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The horror of #Foetal Twitter Syndrome


Here at the Sandpit we are rather critical of Twitter, for its inanity and the way that its streams make no sense. However we do recognise that for some people using twitter is rather like a form of electronic substance abuse. And like the over use of alcohol causes Foetal alcohol syndrome I think that the next disease that should concern us is Foetal Twitter Syndrome

The Kickbee was created by New York interaction designer and applications developer Corey Menscher, when his own wife was expecting. It contains piezioelectric vibration sensors, which emit small but detectable voltages when triggered by in-belly activity. An onboard microcontroller analyzes those electrical signals, then transmits the data to a computer via Bluetooth. A Java app on that computer analyzes the sensor values, and selects an appropriate Twitter text message based on what Junior is apparently up to. The resultant tweets can be sent to mobile phones anywhere in the world, or saved as an archive for monitoring the health of the fetus… that, or perhaps for later “Look what you put me through!” usage.

Presumably, the system is able to tell the difference between kicks and intestinal gas.

The symptoms of this terrible condition are a stunted communication ability which finds the poor victims unable to utter any sentence longer than one hundred and forty characters, a compulsive attraction to mobile telephonic devices, and an impossibly short attention span.
There is no known cure
The best thing just has to be prevention If you know a young twitter addict who is pregnant it is vital that you contact your local heath authorities so that an intervention can be arranged before they start abusing the unborn child with a device like the one in this article. By the time that the start mainlining the child on these sorts of devices the next horrid step is a series of tweets like these:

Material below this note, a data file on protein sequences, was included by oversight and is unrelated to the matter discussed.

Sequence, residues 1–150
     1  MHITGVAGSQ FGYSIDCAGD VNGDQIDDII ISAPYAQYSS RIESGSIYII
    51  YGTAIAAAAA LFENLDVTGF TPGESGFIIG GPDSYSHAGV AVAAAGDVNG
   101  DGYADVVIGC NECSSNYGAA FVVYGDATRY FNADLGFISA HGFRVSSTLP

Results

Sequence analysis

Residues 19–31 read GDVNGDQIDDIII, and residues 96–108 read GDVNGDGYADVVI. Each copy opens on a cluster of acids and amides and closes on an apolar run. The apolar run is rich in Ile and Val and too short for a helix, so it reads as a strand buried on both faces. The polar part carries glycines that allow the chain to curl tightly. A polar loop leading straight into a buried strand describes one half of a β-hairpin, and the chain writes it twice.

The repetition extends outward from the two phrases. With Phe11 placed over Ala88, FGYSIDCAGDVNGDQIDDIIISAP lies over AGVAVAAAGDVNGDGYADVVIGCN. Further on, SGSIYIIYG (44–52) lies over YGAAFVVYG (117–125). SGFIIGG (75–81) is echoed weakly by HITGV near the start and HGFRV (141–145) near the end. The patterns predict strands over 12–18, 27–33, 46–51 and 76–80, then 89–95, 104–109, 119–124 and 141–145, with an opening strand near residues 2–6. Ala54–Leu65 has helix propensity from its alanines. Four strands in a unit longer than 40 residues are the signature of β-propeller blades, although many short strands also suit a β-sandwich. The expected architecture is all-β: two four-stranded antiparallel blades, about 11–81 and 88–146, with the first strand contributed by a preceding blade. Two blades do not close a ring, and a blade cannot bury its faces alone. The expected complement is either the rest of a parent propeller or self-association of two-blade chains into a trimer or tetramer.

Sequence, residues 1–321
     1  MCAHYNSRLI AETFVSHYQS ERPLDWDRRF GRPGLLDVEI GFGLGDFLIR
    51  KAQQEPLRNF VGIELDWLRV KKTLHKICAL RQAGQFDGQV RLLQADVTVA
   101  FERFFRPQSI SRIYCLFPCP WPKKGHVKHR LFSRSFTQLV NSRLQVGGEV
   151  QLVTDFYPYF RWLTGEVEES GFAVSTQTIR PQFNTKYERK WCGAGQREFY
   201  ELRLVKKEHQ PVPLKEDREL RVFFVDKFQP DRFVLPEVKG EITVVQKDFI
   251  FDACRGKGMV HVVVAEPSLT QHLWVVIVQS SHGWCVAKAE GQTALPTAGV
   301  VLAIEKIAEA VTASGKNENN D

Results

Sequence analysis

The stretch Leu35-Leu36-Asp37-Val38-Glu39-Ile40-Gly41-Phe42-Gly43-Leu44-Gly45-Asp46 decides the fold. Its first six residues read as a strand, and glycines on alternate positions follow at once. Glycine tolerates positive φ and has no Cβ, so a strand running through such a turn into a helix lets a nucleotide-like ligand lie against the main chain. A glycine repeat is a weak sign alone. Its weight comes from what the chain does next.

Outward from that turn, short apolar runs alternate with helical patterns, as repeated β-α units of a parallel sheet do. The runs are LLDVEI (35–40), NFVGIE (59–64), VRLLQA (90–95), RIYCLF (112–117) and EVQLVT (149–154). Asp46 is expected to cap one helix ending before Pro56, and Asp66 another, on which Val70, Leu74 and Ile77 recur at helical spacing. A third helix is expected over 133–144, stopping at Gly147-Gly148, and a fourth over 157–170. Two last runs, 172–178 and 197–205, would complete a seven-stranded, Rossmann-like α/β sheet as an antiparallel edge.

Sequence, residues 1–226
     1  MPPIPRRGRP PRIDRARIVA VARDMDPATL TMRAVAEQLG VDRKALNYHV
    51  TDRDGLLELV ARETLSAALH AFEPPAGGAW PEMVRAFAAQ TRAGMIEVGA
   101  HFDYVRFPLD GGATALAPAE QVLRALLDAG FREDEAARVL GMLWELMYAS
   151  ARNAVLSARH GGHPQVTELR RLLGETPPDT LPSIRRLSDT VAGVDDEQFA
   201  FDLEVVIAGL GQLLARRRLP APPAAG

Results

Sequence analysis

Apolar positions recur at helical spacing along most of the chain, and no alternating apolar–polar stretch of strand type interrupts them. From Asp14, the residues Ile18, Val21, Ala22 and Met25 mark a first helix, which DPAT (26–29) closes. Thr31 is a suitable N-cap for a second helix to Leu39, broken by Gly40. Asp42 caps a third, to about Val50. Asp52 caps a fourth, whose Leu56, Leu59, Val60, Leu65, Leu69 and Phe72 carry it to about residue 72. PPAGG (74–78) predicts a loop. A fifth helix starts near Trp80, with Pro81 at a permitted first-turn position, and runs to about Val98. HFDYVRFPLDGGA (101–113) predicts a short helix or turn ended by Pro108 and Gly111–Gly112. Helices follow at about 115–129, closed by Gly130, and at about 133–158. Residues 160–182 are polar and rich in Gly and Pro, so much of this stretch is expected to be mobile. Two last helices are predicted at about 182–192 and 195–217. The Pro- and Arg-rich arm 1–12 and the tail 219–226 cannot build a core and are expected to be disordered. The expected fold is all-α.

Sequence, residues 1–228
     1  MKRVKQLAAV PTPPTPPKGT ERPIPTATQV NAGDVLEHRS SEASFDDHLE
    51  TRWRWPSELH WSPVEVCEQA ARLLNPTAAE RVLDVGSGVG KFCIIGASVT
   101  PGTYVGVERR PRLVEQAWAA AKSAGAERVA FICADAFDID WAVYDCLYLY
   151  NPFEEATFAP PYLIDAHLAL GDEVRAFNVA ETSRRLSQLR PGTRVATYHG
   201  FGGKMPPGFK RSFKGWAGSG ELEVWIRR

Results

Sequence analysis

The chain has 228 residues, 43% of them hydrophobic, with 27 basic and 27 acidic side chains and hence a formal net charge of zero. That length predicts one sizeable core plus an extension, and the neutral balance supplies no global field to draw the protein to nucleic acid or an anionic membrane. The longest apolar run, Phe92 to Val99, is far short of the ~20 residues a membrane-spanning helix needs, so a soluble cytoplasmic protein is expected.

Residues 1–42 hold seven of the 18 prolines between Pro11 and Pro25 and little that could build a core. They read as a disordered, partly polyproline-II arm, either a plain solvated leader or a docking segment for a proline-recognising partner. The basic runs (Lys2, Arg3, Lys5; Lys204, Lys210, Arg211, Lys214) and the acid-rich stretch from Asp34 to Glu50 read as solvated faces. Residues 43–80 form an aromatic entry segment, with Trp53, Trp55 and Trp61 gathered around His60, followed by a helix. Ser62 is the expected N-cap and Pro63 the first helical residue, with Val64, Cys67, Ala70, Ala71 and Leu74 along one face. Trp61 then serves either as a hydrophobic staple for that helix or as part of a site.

@mum Titty now!!
@mum Oh poo #nappyrash
@mum Wiggles Now#wakeupjeff

Please give generously to end this horrid condition
Cheers Comrades



  1. Ray Dixon says:

    I dunno, Iain, maybe it’s not a bad idea to keep them out of the real world and on their Twitters where pretty soon no one will bother with what is said there. I mean, for God’s sake, they are taking themselves so far out of the debate that even when they lamely try to limp back in, they can only talk gibberish. I puts non-Twitter addicts at a distinct advantage. To start with, we can actually think and articulate on issues.

  2. Ray Dixon says:

    “It” puts non-Twitter addicts at a distinct advantage

  3. Ray Dixon says:

    Actually Iain, I have a suggestion for *some* people who comment here. I think it would be a good idea if they tried Twitter for a while. My reasons are:

    1) It would teach them how to be more succinct in their delivery.
    2) They could revell in their anonymity, slagging off whoever they like without fear of moderation.
    3) It would distract them from here.

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